The Other Side of Terror | Erica R. Edwards || Radcliffe institute | Summary and Q&A

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May 16, 2018
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Harvard University
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The Other Side of Terror | Erica R. Edwards || Radcliffe institute

TL;DR

This talk explores the transformative impact of the War on Terror on African-American literature and highlights the counterinsurgency narratives and guerrilla forms of care in black feminist writings.

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Questions & Answers

Q: How did the War on Terror impact African-American literature?

The War on Terror transformed discourses of race by exporting surveillance and punishment historically aimed at black people, while racializing the figure of the Arab-Muslim enemy. This altered the relationship between blackness and the culture of US imperialism, which is reflected in African-American literature.

Q: How did black feminist writers challenge the dominant narratives?

Black feminist writers employed counterinsurgency narratives and guerrilla forms of care in their work. They exposed the intimate connections between state control and black women's experiences with surveillance, policing, incarceration, and border security.

Q: What role did literature play in shaping US foreign policy?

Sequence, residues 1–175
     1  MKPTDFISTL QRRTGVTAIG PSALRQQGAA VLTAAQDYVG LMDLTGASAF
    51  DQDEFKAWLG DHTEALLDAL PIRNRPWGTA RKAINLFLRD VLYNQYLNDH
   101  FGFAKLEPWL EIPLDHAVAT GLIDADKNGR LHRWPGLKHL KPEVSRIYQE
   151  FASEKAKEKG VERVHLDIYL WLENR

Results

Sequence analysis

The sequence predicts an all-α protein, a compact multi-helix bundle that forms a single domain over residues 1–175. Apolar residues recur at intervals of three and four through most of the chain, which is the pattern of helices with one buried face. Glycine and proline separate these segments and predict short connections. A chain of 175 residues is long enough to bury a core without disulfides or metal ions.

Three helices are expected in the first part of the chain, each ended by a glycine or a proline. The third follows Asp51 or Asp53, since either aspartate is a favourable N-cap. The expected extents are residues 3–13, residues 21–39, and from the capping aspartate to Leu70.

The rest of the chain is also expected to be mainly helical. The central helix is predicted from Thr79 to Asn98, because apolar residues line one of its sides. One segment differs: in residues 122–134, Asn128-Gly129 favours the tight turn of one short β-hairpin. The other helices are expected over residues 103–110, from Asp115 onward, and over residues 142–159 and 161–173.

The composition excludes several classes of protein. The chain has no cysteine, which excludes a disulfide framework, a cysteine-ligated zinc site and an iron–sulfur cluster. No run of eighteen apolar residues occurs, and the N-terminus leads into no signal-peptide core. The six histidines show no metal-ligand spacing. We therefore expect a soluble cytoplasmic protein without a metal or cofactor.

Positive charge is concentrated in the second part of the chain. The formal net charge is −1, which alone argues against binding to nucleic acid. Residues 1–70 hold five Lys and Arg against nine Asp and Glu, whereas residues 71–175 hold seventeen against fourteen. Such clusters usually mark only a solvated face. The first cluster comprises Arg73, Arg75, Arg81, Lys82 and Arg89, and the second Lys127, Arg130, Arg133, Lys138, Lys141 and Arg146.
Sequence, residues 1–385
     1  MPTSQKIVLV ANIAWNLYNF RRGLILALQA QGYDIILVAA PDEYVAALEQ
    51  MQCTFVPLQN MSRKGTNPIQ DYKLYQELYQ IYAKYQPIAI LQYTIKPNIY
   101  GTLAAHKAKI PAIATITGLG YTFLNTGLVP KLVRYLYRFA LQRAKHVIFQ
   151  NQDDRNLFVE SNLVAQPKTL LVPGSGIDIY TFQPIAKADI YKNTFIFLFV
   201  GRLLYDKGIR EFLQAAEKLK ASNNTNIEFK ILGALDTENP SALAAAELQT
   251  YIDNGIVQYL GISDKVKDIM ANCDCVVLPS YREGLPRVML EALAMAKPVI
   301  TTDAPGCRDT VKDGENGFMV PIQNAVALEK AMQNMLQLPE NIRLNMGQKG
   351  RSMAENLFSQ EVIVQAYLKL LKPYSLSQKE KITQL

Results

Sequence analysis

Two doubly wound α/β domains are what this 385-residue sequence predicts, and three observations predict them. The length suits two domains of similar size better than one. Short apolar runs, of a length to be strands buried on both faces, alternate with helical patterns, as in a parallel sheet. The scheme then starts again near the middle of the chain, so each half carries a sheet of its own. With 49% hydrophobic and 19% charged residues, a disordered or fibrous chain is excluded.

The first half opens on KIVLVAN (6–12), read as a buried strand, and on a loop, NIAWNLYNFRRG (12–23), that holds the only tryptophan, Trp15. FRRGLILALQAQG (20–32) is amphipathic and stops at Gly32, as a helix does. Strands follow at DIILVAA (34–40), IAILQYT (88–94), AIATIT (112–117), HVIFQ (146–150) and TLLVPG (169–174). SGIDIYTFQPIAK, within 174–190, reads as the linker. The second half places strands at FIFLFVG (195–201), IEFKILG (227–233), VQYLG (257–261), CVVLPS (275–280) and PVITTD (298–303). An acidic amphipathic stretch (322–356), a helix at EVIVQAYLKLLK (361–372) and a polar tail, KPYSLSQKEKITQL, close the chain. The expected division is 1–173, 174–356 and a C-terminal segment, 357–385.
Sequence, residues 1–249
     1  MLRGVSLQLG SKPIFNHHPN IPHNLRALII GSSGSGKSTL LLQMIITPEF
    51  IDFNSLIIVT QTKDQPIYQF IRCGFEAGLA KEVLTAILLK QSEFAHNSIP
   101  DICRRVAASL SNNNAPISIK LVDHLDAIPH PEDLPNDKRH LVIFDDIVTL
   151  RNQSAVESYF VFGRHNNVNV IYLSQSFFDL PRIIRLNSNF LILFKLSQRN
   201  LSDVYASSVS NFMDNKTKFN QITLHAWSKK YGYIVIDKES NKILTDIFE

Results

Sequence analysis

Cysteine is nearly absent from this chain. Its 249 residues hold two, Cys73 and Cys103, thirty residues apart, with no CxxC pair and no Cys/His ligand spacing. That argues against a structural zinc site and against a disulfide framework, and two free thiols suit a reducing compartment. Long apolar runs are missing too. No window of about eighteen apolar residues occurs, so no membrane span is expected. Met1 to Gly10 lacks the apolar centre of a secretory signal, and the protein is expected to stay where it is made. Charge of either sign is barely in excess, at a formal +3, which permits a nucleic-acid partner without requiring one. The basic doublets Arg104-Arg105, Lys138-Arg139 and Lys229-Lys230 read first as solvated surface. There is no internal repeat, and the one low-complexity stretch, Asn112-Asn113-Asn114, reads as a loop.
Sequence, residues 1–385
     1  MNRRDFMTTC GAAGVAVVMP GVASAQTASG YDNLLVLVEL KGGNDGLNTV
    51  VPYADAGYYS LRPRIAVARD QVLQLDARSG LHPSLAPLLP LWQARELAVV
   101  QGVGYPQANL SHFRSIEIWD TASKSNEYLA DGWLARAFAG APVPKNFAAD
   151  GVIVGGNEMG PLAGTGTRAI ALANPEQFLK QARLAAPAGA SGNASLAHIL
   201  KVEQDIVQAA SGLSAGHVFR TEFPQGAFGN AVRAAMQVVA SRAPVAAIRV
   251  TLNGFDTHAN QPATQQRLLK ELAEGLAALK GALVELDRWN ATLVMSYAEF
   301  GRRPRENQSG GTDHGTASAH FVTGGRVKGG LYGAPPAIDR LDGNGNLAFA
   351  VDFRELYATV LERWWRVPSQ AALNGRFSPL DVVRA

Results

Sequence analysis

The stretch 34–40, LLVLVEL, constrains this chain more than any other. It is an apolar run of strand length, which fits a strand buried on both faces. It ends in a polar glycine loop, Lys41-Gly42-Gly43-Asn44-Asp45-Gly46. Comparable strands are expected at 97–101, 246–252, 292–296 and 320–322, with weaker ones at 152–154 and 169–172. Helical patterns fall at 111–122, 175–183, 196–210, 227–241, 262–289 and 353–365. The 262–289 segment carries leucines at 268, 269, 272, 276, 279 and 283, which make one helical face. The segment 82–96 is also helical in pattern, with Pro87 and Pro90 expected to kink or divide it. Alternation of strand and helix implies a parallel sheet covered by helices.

Black literature was instrumental in building a domestic multicultural consensus in support of US foreign policy. By using black authors as examples of American democracy, the literature made the US-led military interventions in the Middle East and Latin America more palatable to the public.

Q: How did black women writers resist state manipulation of their work?

Black women writers resisted state manipulation by creating insurgent grammars of survival. They challenged the state's discursive scaffolding and reclaimed language to expose the racial and gendered logics behind state violence and imperialism.

Summary & Key Takeaways

  • The speaker examines contemporary African-American women's literature, focusing on the stories that are often overlooked.

  • She discusses how the War on Terror reshaped discourses of race in the United States and forged new connections between blackness and US imperialism.

  • The talk delves into the use of counterveillance and surveillance in black women's writing and the ways in which it exposes the intimate relationship between blackness and state control.

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